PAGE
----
Though there are plenty of examples to the contrary, a band featuring members of the same family doesn’t have to be a bad thing. For every Hanson, there’s a Jackson 5. When it comes to emo, the Kinsella’s have been hugely influential with everything they’ve put their name to. Whether it’s Owls, Cap’n Jazz or American Football, the intricate guitar work and odd time signatures are their calling card and have ended up with incredible results. Tiny Moving Parts consists of three members, two of which are brothers and the other is their cousin. Their frontman is a guitar virtuoso whose playing is the main reason for their math-emo title. Despite these uncanny similarities and unquestionable influence, there’s far more to Tiny Moving Parts to justify your time.
Swell is their fourth album and doesn’t change the dynamic massively from what’s come before. There’s a slant towards some pop-punk elements, giving these tracks a bit more widespread appeal than what’s come before, but the progression is within a natural limit of progression. If their third album Celebrate brought them to the attention of many, this may well be the one that gives them enough of a personal identity to dismiss those previous comparisons. The only downside, though, is that it does increase the validity of the comparisons to pop-punk acts like Blink-182. In such a crowded landscape, there’s not a lot of space for something that’s new.
This isn’t an album to dwell in your negativity with, and album opener Applause captures an Adebisi Shank level of forced euphoria that demands you to pay attention to its relentless positivity right from the start. It avoids diabetic saccharine levels with self-reflecting lyrics that explore some darker themes but with a generally positive outlook. The contrast of delivery and lyrics is something the band have been known for in the past, but with the positivity in the sound becoming more prevalent with each release, it inevitably makes these themes feel increasingly contradictory. This is a good thing, and it creates an odd beauty to it all.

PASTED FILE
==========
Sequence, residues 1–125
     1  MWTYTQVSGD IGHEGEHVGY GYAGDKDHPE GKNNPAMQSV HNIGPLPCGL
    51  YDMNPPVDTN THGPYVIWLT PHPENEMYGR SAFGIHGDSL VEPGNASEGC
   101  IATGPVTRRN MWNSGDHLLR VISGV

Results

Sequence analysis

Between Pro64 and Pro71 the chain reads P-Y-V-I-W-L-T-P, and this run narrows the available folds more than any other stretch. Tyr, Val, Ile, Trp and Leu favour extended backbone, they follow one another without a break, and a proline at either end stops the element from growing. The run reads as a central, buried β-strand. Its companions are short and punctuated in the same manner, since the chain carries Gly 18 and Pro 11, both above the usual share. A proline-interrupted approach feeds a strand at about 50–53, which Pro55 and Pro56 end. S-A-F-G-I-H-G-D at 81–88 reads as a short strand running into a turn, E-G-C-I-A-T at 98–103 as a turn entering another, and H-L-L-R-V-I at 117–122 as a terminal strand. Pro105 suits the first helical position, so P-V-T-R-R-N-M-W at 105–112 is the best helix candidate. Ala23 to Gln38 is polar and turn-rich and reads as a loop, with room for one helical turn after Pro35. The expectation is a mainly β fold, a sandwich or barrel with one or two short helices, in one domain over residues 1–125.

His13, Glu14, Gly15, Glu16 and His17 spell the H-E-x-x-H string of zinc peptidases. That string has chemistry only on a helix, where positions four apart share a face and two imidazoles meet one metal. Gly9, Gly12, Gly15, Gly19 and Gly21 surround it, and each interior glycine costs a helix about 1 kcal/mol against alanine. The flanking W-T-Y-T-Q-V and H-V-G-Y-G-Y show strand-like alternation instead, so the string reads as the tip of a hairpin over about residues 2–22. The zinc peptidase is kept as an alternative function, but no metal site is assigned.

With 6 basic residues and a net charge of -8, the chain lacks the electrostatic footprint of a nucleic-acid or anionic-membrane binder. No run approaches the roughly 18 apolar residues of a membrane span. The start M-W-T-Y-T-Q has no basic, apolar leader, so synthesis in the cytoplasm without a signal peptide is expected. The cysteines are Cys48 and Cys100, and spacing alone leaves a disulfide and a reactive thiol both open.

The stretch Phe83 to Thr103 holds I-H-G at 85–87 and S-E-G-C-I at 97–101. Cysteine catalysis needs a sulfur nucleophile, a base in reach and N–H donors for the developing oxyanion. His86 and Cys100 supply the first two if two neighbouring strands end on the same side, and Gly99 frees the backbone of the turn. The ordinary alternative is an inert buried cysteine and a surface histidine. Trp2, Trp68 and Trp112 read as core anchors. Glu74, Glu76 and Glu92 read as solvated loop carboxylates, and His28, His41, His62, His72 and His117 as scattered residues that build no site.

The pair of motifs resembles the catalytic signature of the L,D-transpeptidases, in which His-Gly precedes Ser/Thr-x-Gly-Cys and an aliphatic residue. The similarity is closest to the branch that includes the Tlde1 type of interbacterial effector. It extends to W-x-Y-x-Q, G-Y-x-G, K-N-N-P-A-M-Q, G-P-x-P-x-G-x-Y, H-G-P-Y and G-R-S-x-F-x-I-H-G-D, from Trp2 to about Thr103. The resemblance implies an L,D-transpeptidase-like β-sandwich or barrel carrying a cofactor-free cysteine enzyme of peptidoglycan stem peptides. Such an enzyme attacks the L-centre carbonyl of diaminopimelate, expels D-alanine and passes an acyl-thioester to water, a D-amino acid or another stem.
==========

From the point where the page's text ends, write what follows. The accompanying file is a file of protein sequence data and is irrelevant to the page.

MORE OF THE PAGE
Lyrically they convey their messages through stories like Warm Hand Splash looking through the eyes of a piece of trash at the bottom of a wishing well that adores a coin, which someone eventually gets taken, leaving the trash alone and heartbroken in the dark. With the positive tone, it sounds more like they’re trying to get you to live in the moment and enjoy the experiences while you’re in them. It causes you to extrapolate meanings like this and think of these songs like parables.
Swell is relentless and exhausting in its pace. Though it features brief interludes which take the pace down, these moments are few and far between. The start of It’s Too Cold Tonight ends up as a false alarm for tenderness with the distorted guitars smashing four seconds in. These less frenetic moments are more prevalent as the album progresses, but the maximalism can become tiring at times. It’s a shame as these brief moments of restraint reveal a side of the band which makes you want to hear more of it. The male/female vocal harmonies in the latter half of Wildfire are one of the album’s highlights, resulting in one of the most satisfying moments on the record.
For those who were fans of Tiny Moving Parts already, there’s a lot to love here and a lot to satisfy those who like their emo combined with guitar shredding delivered in a sugar-coated form. These songs sound bigger and more realised than before, more confident to stand alone as pop songs. The changes are gradual, but they’re not reactionary, and as such it makes it feel more natural and human. Swell is out now.